Average Rating: 4.8/10
Reviews Counted: 30
Fresh: 10 | Rotten: 20
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Average Rating: 4.6/10
Critic Reviews: 13
Fresh: 4 | Rotten: 9
No consensus yet.
Average Rating: 2.8/5
User Ratings: 3,331
John Trudell is a poet, musician, actor, and political activist who has been speaking out on behalf of the Native American people with intelligence and passion since the late '60s. Trudell took part in the 1969 occupation of Alcatraz Island by the activist group Indians of All Tribes, who intended to use the former prison as a school for Native American youth. Trudell eventually became one of IOAT's leading spokesmen, and in 1973 became chairman of the American Indian Movement (AIM), which would
Feb 24, 2006 Wide
Mar 20, 2007
Balcony Releasing - Official Site
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Combines a minimum of critical distance and a maximum of gratuitous flash.
Rae's reluctance to delve into more complex, personal or specific territory -- with anecdotes, for example -- limits viewer involvement.
[John] Trudell is the compelling presence at the heart of Trudell, Heather Rae's fascinating but superficial treatment of the poet, singer and tilter-at-windmills who has been at the barricades from the get-go.
By preaching so relentlessly to the choir, this film misses an opportunity to show what got them to sing in the first place.
Despite the rambling finish, however, overall the film is a thought-provoking and graceful portrait of a tenacious peace warrior whose frankness is his greatest weapon.
How could a movie about someone with one of the nation's longest FBI files be this dull?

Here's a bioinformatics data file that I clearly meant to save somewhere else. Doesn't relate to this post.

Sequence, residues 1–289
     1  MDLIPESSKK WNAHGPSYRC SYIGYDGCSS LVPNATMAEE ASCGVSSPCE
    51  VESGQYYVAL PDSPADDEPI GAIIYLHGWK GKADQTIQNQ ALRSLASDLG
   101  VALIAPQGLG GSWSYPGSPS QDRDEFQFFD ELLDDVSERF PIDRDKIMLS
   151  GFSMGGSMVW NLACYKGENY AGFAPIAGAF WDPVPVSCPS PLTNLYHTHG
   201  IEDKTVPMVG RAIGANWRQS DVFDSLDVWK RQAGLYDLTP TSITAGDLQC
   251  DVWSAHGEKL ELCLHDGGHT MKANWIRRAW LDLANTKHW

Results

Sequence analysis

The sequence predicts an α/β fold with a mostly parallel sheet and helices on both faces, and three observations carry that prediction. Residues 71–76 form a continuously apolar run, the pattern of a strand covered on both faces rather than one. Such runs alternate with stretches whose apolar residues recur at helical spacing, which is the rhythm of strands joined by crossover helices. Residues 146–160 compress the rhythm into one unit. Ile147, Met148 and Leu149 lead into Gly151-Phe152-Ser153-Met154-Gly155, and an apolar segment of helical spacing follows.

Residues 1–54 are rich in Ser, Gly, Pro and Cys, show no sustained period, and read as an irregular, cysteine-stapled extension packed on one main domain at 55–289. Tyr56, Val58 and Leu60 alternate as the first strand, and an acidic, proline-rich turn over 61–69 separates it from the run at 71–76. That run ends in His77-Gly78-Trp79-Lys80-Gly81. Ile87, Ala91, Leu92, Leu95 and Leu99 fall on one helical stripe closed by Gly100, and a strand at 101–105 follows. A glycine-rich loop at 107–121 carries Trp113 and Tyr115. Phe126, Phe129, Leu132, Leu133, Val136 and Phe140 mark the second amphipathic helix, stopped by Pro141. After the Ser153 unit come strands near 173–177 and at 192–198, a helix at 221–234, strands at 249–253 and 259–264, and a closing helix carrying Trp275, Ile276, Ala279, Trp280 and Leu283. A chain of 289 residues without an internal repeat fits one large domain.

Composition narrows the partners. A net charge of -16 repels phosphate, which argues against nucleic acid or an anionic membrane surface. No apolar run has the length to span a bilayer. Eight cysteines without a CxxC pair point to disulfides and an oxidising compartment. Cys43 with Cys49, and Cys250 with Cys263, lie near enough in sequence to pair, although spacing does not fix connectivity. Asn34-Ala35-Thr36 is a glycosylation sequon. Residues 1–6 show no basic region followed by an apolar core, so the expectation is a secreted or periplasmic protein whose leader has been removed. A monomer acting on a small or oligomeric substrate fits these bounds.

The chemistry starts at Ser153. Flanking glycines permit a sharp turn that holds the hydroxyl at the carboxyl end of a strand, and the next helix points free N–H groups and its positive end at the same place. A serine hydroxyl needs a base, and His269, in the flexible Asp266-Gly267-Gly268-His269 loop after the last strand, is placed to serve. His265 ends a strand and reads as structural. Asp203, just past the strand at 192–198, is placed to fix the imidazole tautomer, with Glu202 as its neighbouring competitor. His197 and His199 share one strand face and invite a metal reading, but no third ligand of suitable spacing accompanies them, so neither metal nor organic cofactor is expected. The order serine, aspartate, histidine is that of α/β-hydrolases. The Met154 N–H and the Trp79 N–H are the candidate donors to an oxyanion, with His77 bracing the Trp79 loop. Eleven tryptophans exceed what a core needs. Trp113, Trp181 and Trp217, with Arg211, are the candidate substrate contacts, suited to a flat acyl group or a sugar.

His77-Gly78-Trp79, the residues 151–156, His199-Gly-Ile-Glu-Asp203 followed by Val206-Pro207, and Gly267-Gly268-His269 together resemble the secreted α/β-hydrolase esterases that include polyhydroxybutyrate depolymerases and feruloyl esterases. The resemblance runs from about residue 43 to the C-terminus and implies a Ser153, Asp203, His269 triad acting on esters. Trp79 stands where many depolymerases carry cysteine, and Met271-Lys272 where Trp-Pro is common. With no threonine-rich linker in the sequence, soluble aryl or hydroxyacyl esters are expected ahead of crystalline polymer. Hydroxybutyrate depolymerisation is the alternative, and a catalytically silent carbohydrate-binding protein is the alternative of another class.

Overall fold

A bittersweet bio-pic which presents an articulate, defiant and sensitive soul who promises to remain committed to resistance till he draws his last breath.
Like many "documentaries" that are essentially homages, Trudell often lacks context.
The movie tries to do too much, sandwiching in extraneous histories of the Indian occupation of Alcatraz, for instance, and skimming quickly past the mysterious fire that killed Trudell's wife and children.
"Trudell" may be a one-sided work of propaganda, but it's effective, well-crafted and informative propaganda.
This documentary feature is more concerned with telling us about Trudell's many exploits than with telling us about the man. As a result, it feels superficial, and the tone is much too reverential.
Short on the meat of documentary -- archival detail-- and long on hero worship ...
A tribute to the focused and prophetic Native poet and activist who loves the Earth and has made many stands for the dignity of his people.
...should all be interesting, but Rae goes that extra mile to make it alternately dull and irritating.
Trudell's activism is more compelling than his poetry or performance art.
Rae borrows a bit heavily from the Oliver Stone school of filmmaking: Quick cuts of seemingly random footage do more to draw attention to a possible dearth of relevant background materials than to evoke ideas of Native American history and struggle.
Serves as both a timely tribute to the man and an important reminder for those in danger of forgetting the issues at stake in the Native American struggle for rights and dignity.
Strident environmental warnings and political rhetoric do not a movie make.
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